Lexical access, the matching of auditory information onto lexical representations in the brain, is a crucial component of online language processing. To understand the nature of lexical access, it is important to identify the kind of acoustic information that is stored in the long-term memory and to study how the brain uses such information. This dissertation investigates the contribution of prosodic information to lexical access and examines language-specific processing mechanisms by studying three typologically distinct languages: English, Turkish, and Swedish. The main research objective is to demonstrate the activation of long-term memory traces for words on the sole basis of prosodic information and to test the accuracy of typological phonological descriptions suggested in the literature by studying electrophysiological measurements of brain activation. A secondary research objective is to evaluate three distinct electrophysiological recording systems. The dissertation is based on three papers, each examining neural responses to prosodic changes in one of the three languages with a different recording system. The first two papers deal directly with the interplay between prosody and the lexicon, and investigate whether prosodic changes activate memory traces associated with segmentally identical but prosodically different words; the third paper introduces morphology to this process and investigates whether prosodic changes activate memory traces associated with potential lexical derivations. Neural responses demonstrate that prosodic information indeed activates memory traces associated with words and their potential derivations without any given context. Strongly connected neural networks are argued to guarantee neural activation and implementation of long-term memory traces. Regardless of differences in prosodic typology, all languages exploit prosodic information for lexical processing, although to different extents. The amount of neural activation elicited by a particular piece of prosodic information is positively correlated with the strength of its lexical representation in the brain, which is called lexical specification. This dissertation could serve as a first step towards building an electrophysiological-perceptual taxonomy of prosodic processing based on lexical specification.

  • 2016. Hatice Zora, Mattias Heldner, Iris-Corinna Schwarz. Frontiers in Neuroscience 10

    Perceptual correlates of Turkish word stress and their contribution to lexical access were studied using the mismatch negativity (MMN) component in event-related potentials (ERPs). The MMN was expected to indicate if segmentally identical Turkish words were distinguished on the sole basis of prosodic features such as fundamental frequency (f0), spectral emphasis (SE) and duration. The salience of these features in lexical access was expected to be reflected in the amplitude of MMN responses. In a multi-deviant oddball paradigm, neural responses to changes in f0, SE, and duration individually, as well as to all three features combined, were recorded for words and pseudowords presented to 14 native speakers of Turkish. The word and pseudoword contrast was used to differentiate language-related effects from acoustic-change effects on the neural responses. First and in line with previous findings, the overall MMN was maximal over frontal and central scalp locations. Second, changes in prosodic features elicited neural responses both in words and pseudowords, confirming the brain’s automatic response to any change in auditory input. However, there were processing differences between the prosodic features, most significantly in f0: While f0 manipulation elicited a slightly right-lateralized frontally-maximal MMN in words, it elicited a frontal P3a in pseudowords. Considering that P3a is associated with involuntary allocation of attention to salient changes, the manipulations of f0 in the absence of lexical processing lead to an intentional evaluation of pitch change. f0 is therefore claimed to be lexically specified in Turkish. Rather than combined features, individual prosodic features differentiate language-related effects from acoustic-change effects. The present study confirms that segmentally identical words can be distinguished on the basis of prosodic information alone, and establishes the salience of f0 in lexical access.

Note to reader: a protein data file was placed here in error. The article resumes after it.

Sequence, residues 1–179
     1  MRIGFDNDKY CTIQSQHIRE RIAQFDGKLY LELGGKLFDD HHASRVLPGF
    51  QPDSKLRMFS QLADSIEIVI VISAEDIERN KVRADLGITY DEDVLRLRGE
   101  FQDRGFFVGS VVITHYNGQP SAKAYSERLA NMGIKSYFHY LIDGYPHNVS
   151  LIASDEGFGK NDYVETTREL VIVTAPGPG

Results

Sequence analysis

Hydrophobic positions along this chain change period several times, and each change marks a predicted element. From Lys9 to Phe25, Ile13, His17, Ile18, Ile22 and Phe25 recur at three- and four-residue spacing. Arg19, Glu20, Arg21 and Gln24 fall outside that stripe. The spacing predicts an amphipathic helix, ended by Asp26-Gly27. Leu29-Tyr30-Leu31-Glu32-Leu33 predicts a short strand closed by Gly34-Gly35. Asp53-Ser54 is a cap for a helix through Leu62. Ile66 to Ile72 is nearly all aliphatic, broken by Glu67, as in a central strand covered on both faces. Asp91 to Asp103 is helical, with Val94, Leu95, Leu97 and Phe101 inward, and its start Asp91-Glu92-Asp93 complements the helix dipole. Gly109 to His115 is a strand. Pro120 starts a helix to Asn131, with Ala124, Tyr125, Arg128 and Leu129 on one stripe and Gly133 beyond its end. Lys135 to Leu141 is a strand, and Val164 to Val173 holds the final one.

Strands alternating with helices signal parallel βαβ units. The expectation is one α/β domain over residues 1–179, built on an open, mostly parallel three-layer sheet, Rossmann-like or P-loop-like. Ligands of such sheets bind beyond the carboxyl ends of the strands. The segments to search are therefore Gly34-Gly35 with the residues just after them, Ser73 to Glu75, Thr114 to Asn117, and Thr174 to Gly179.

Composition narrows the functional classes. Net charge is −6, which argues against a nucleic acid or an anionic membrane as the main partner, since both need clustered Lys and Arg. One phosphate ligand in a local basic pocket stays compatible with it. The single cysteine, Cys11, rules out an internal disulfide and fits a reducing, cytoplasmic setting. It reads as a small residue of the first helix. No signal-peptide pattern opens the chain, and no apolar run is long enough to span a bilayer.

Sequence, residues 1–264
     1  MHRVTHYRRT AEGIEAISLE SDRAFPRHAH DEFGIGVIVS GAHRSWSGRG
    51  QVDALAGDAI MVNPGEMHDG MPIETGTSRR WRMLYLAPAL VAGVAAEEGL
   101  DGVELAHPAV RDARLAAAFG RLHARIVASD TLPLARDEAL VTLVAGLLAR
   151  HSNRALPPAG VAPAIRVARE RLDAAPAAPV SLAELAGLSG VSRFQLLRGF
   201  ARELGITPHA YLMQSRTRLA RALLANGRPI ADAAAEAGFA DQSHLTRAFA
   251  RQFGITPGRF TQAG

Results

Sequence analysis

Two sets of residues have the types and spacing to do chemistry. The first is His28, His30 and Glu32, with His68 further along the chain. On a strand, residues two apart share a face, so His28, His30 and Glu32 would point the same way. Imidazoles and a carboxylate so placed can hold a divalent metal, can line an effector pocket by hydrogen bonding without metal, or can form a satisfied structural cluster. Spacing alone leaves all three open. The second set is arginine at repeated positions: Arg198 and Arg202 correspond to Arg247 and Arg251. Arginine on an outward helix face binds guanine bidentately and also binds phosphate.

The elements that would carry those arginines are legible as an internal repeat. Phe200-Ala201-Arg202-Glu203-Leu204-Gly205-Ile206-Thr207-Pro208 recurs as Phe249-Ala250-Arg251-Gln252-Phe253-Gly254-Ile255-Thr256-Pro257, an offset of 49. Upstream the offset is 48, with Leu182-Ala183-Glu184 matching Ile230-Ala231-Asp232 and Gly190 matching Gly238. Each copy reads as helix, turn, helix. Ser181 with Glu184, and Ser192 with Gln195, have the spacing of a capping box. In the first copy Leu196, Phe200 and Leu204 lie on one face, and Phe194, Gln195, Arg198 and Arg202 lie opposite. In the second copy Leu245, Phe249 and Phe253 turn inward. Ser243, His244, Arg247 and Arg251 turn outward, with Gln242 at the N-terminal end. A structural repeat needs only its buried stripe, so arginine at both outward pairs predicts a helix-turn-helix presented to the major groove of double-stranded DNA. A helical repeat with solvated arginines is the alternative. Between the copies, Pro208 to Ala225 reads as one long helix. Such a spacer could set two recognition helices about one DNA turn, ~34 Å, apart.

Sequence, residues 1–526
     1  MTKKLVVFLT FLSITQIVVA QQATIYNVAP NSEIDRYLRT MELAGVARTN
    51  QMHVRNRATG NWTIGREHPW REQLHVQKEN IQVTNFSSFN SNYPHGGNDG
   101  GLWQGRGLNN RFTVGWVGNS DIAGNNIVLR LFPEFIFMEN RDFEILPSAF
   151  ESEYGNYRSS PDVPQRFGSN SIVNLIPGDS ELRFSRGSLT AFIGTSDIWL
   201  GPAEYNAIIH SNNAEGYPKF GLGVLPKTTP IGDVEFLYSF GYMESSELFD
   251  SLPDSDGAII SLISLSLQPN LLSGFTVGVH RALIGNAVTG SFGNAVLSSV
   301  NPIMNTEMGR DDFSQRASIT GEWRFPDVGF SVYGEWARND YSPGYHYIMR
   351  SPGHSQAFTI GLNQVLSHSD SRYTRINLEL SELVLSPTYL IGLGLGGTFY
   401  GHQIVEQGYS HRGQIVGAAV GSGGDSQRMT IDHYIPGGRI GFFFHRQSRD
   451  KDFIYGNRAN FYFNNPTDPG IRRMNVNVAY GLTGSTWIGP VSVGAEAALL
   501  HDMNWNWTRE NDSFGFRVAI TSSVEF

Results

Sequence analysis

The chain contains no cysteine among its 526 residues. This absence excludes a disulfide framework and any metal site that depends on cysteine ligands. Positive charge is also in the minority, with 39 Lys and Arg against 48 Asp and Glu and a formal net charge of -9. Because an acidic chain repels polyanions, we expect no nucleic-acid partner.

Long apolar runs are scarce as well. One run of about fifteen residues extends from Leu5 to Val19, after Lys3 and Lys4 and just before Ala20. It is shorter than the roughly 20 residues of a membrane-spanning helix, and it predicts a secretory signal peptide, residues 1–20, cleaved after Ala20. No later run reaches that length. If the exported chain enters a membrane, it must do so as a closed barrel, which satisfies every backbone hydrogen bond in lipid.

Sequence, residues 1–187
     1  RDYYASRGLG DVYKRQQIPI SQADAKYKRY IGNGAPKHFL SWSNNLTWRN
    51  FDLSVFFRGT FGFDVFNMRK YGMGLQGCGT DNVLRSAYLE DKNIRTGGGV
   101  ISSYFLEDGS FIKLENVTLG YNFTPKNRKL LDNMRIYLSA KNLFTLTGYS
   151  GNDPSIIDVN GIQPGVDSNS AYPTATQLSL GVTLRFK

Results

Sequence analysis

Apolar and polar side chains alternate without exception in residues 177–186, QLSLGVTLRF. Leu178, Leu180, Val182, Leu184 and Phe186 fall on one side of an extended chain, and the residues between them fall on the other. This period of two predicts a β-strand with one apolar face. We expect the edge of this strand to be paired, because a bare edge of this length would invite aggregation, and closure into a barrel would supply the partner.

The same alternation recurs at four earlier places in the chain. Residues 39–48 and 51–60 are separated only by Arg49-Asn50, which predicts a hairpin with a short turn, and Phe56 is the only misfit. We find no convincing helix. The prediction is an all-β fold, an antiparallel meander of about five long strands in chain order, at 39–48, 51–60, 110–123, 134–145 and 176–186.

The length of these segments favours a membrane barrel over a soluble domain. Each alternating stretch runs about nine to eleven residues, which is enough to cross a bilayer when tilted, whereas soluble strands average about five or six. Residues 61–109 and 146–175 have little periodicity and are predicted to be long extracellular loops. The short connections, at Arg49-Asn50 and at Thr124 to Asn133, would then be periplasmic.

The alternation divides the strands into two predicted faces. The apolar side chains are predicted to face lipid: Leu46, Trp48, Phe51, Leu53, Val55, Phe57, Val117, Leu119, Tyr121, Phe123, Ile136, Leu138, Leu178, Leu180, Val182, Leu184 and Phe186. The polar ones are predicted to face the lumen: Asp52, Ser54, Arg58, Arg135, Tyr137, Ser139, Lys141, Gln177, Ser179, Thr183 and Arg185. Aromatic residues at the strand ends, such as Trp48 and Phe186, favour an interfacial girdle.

• 2015. Hatice Zora, Iris-Corinna Schwarz, Mattias Heldner. NeuroReport 26 (13), 791-796

    Neural correlates of lexical stress were studied using the mismatch negativity (MMN) component in event-related potentials. The MMN responses were expected to reveal the encoding of stress information into long-term memory and the contributions of prosodic features such as fundamental frequency (F0) and intensity toward lexical access. In a passive oddball paradigm, neural responses to changes in F0, intensity, and in both features together were recorded for words and pseudowords. The findings showed significant differences not only between words and pseudowords but also between prosodic features. Early processing of prosodic information in words was indexed by an intensity-related MMN and an F0-related P200. These effects were stable at right-anterior and mid-anterior regions. At a later latency, MMN responses were recorded for both words and pseudowords at the mid-anterior and posterior regions. The P200 effect observed for F0 at the early latency for words developed into an MMN response. Intensity elicited smaller MMN for pseudowords than for words. Moreover, a larger brain area was recruited for the processing of words than for the processing of pseudowords. These findings suggest earlier and higher sensitivity to prosodic changes in words than in pseudowords, reflecting a language-related process. The present study, therefore, not only establishes neural correlates of lexical stress but also confirms the presence of long-term memory traces for prosodic information in the brain.

Visa alla publikationer av Hatice Zora vid Stockholms universitet

Senast uppdaterad: 16 april 2019